One of the things that I mentioned to the presidents is a brand new initiative that the foundation launched this year is called INCLUDES (Inclusion across the Nation of Communities of Learners that have been Underrepresented for Diversity in Engineering and Science),  and it’s focused on broadening participation in STEM. We want to build our robust STEM portfolio of projects that address broadening participation to over $800 million. What INCLUDES will allow grantees to do…and we’re inviting the provosts and presidents to ensure that their institutions participate…is to get funding that will allow them to scale up…to take these exciting new innovations…that make HBCUs so successful and scale them up beyond one institution or region to be part of a national INCLUDES network of programs and organizations that are collaborating with a common goal of strengthening the STEM workforce through diversity and inclusion. So we’re really excited about the opportunities that INCLUDES will allow. It’s a new initiative…fifteen and a half million dollars this year. We’re inviting institutions from across the country to consider submitting proposals for that initiative.


Dr. Claudia Rankins

Program Director,
National Science Foundation
Claudia Rankins



This summit was made possible by an NSF grant. Why was it important for the NSF to support this event?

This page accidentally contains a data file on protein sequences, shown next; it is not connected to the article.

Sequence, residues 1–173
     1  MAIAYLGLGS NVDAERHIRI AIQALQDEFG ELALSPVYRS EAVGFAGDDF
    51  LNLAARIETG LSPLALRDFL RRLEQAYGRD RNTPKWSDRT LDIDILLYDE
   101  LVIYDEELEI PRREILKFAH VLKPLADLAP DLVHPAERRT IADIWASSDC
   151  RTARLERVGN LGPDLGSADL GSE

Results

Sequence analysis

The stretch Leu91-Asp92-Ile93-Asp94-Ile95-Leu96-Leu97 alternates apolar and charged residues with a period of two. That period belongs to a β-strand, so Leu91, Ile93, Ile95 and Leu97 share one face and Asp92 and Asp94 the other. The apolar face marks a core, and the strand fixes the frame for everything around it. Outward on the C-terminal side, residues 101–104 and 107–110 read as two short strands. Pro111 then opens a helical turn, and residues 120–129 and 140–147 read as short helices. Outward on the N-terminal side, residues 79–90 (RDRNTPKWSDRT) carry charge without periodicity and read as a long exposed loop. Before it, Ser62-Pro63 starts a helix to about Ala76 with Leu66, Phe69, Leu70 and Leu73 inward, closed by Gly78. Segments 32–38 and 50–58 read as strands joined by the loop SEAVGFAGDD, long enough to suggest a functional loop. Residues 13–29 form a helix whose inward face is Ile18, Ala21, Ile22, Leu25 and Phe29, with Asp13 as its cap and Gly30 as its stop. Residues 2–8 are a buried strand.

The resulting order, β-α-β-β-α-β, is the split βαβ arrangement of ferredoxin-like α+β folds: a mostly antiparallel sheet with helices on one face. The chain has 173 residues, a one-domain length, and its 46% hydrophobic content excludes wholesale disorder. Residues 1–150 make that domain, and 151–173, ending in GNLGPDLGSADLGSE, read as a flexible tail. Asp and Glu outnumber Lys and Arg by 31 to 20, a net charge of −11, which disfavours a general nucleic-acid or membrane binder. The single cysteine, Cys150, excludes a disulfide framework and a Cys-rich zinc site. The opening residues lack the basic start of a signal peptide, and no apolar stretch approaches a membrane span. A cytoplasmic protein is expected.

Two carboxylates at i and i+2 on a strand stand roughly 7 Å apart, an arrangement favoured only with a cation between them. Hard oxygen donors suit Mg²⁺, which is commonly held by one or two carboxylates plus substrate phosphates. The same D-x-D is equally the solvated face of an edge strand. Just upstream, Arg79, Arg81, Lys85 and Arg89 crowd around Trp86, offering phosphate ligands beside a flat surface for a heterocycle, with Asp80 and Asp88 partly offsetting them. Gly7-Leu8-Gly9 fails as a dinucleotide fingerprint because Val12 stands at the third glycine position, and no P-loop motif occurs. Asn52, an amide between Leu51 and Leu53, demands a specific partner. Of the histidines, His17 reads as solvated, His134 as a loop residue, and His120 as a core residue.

With recent research showing that Historically Black Colleges and Universities do an excellent job in preparing students, particularly in the STEM fields…we thought it would be a good time for presidents from these institutions to meet and talk about how collectively they will move forward to make the institutions stronger, to recruit, retain and graduate more students.

We also see a lot of exciting research coming out the HBCUs. We fund a number of centers called the Crest Centers for Excellence in Research and Technology and to see a lot of exciting research coming out of those centers. We also see where faculty are instituting creative and innovative teach pedagogy in their classrooms to teach students in new and exciting ways to keep them engaged and to prepare them ultimately for the workforce. The evaluations…showed that graduates from HBCUs tend to be employed in STEM at a higher rate and go to graduate study in STEM at a higher rate than students nationwide. And they compared it to a national group of student.

What is one of the short-term goals of the summit?

That it doesn’t end with this summit…that the presidents continue to talk to each other and others that are here today and that collaborations are being formed among the institutions.


Hon. LaDoris “Dot” Harris

Office of Economic Impact and Diversity
U.S. Department of Energy
LaDoris Harris

Why is the Department of Energy actively supporting this summit?